Fight to Defend Citizen-Led Ballot Initiatives

You have probably heard about House Joint Resolution 1 (HJR1) and Senate Joint Resolution 2 (SJR2), similar efforts to amend the Ohio Constitution and raise the threshold for passing a citizen-led ballot initiative to 60 percent. 

And you’ve probably heard us describe these resolutions as power grabs, a threat to democracy and one person, one vote in Ohio. 

With important proponent and opponent hearings on HJR1 scheduled for next week, we want to take a moment to explain why we feel stopping these bills is so critically important—in fact, it is the MOST important fight for Ohio. You can read the info in this email in this blog post

What is direct democracy? Usually, we vote for representatives and they create new laws. In 1912—during the era of robber barons when the state legislature was unresponsive to the people—Ohio voters created a new state Constitution which included the ability for citizens to change the Ohio Constitution directly. For over 100 years, Ohioans have been able to band together, create a proposed change, and, if they collect enough voter signatures, place their proposal on the ballot for voters to approve or disapprove. For example, in 2006, Voters approved raising the minimum wage (56.65% of the vote).

Learn more about Ohio Ballot History HERE.

Direct democracy gives power to the people. It’s the only way we can push back when the gerrymandered legislature is unresponsive to the needs and concerns of the majority. Raising the pass rate for a ballot initiative to 60% would give a minority of voters permanent veto power over the majority in Ohio. Some people’s vote would count more than others’. This would lead to less power for the people, and more power for the legislature. 

To make matters worse, the Ohio representatives who want to “protect” our Constitution by raising the pass rate for ballot initiatives are trying to rush through HJR1/SJR2 and place it on the ballot in an August special election. HB144 & SB92 are companion bills to create an August Special Election just for this purpose.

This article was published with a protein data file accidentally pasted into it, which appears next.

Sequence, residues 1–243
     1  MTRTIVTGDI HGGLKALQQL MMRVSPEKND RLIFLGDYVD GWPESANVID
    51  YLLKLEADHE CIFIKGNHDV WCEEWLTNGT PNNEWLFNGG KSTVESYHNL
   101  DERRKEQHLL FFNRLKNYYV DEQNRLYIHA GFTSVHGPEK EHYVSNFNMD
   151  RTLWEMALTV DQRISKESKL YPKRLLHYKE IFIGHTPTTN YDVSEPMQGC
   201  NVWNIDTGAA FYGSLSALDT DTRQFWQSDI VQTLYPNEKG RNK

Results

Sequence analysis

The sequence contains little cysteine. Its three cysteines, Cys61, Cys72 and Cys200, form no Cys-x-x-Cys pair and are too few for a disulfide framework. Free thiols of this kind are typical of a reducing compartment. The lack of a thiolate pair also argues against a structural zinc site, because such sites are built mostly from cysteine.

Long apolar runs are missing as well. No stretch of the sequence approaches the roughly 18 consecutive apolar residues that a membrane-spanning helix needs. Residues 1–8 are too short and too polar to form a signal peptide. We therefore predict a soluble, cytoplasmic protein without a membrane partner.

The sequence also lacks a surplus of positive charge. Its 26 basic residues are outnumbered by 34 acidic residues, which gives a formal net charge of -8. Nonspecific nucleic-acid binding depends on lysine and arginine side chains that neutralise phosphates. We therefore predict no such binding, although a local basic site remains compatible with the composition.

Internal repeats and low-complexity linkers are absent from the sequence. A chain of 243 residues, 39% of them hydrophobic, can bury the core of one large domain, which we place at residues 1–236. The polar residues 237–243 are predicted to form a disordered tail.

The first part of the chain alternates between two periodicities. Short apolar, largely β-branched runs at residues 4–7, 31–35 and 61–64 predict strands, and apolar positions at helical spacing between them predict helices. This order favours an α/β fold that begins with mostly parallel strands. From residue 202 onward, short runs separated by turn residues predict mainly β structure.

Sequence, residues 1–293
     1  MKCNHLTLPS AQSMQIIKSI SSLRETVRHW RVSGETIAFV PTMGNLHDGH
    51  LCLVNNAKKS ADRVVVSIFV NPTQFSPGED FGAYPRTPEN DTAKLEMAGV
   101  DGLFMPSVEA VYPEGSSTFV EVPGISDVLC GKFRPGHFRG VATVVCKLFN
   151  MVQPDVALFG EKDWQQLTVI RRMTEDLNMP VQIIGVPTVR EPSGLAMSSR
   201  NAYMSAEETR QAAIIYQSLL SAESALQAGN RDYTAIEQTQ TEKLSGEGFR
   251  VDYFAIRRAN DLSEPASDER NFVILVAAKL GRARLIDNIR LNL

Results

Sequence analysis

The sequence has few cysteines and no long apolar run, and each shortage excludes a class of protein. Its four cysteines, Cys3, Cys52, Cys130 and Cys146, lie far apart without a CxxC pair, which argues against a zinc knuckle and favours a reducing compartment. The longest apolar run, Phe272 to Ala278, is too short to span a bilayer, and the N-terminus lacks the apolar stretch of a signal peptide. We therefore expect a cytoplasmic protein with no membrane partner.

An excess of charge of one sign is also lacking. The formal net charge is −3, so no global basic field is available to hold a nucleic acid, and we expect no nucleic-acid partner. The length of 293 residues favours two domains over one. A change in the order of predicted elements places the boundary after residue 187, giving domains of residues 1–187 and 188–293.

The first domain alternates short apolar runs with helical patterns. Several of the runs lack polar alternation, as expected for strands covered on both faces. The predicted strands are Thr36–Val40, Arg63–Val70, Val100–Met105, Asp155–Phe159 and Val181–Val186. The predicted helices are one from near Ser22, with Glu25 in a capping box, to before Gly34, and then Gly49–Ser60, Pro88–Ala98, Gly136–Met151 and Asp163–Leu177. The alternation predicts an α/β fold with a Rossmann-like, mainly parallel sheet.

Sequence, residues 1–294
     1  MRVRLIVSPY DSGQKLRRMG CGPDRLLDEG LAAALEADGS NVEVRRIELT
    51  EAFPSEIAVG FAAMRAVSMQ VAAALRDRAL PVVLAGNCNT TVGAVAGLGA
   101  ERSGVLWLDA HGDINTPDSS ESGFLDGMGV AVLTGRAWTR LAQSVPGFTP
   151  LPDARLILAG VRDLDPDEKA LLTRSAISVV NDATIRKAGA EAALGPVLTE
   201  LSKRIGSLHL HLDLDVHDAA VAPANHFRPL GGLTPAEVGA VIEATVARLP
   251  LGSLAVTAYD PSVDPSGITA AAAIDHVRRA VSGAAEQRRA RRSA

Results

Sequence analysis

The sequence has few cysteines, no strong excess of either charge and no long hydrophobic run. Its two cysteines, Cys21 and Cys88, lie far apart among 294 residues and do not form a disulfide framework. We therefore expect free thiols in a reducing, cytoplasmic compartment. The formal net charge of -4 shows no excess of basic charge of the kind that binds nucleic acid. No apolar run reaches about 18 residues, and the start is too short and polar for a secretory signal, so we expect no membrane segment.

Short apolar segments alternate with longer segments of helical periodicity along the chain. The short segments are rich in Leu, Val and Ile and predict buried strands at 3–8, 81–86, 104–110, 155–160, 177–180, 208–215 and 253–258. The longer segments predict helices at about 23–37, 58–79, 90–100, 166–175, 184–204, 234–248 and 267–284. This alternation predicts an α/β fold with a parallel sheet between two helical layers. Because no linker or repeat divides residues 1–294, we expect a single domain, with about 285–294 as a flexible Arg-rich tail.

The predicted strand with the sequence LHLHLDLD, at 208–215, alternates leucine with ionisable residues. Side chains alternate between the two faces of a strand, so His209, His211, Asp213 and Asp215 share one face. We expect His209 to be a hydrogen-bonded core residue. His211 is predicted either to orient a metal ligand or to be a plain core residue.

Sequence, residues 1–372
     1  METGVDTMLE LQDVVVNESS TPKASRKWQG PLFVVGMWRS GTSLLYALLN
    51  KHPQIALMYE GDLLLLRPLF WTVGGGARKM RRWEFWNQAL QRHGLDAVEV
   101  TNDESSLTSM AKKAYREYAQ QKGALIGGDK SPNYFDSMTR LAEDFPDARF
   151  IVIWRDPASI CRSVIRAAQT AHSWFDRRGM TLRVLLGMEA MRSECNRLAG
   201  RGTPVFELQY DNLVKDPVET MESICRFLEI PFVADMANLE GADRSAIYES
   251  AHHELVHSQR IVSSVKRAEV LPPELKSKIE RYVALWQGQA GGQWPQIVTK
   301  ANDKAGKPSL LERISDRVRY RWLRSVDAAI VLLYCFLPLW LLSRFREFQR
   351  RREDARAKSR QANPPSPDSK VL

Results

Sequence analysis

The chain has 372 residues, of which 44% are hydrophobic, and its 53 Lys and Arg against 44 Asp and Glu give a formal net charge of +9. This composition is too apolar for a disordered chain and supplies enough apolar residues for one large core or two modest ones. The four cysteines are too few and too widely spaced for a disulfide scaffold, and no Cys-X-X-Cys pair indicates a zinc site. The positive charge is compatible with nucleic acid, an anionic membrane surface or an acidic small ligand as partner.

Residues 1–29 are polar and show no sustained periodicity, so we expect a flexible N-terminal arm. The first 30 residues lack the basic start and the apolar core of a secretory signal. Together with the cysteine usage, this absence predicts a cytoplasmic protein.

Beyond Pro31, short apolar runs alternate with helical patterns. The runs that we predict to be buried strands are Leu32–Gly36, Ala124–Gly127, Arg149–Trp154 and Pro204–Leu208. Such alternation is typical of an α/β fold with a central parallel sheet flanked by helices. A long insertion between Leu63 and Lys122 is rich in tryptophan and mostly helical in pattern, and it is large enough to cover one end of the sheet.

But wait, didn’t the legislature just get rid of August Special Elections? Yes they did, in December 2022, because, in the words of Sec. of State Frank LaRose, “These unnecessary ‘off-cycle’ elections aren’t good for taxpayers, election officials or the civic health of our state. It’s time for them to go!” 

But now LaRose and others have changed their tune. They feel it is urgent to push HJR1 through in August (when few voters go to the polls), so the new rules will apply ahead of any initiatives that may make it to the ballot this November. Specifically they are worried about the Reproductive Rights initiative. Heaven forbid that Ohio voters be allowed to weigh in about this important issue.   

No matter where you are on the political spectrum or what issues you care about, access to the ballot is part of our fundamental rights in Ohio and a way to get around a rigged legislature that just doesn’t care. Giving 40 percent of voters veto power over everyone else undermines majority rule and the legitimacy of our democracy. Choosing to change the Ohio Constitution for political expediency means that a minority of voters could get in the way of reforms for years to come, including a redistricting reform effort to establish an independent redistricting commission.  

We hope now that you know a bit more about why we care so much about this issue you will be moved to take action! Here are several ways you can get involved.

  1. Attend next week’s hearing to give testimony or just to show support. (Details below.)
  2. Attend an HJR1/SJR2 testimony training at 3pm, Friday, April 14 (tomorrow!) for tips on how best to have an impact. 
  3. Email your legislators
  4. Make calls to your reps
  5. Write a letter to the editor 

HJR1 is the only item on the agenda at next week’s hearing in the House Constitutional Resolutions Committee. Opponent testimony and a possible vote are scheduled for 9:00 am, Wed. April 19, in Room 017 in the Statehouse, near the museum in the crypt. 

Opponent testimony must be submitted to Rep. Phil Plummer’s office by Tuesday, April 18 by 9:00 am. To submit opponent testimony:

You can join the fight by taking action with calls, emails, reaching out to your local newspaper or joining us next week at the Statehouse. The Common Cause Ohio team is here to help if you have questions on how to best engage and have your voice heard.